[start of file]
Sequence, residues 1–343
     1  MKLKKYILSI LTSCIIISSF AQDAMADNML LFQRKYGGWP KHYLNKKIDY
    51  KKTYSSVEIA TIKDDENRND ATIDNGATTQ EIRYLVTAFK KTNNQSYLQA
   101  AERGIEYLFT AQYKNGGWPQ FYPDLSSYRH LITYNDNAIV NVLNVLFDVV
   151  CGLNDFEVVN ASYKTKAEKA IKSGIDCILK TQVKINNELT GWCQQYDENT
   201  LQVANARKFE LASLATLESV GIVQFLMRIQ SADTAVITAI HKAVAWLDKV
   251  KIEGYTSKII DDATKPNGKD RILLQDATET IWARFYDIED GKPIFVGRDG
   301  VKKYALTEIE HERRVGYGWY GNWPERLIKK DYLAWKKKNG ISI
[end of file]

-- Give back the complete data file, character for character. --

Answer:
Sequence, residues 1–343
     1  MKLKKYILSI LTSCIIISSF AQDAMADNML LFQRKYGGWP KHYLNKKIDY
    51  KKTYSSVEIA TIKDDENRND ATIDNGATTQ EIRYLVTAFK KTNNQSYLQA
   101  AERGIEYLFT AQYKNGGWPQ FYPDLSSYRH LITYNDNAIV NVLNVLFDVV
   151  CGLNDFEVVN ASYKTKAEKA IKSGIDCILK TQVKINNELT GWCQQYDENT
   201  LQVANARKFE LASLATLESV GIVQFLMRIQ SADTAVITAI HKAVAWLDKV
   251  KIEGYTSKII DDATKPNGKD RILLQDATET IWARFYDIED GKPIFVGRDG
   301  VKKYALTEIE HERRVGYGWY GNWPERLIKK DYLAWKKKNG ISI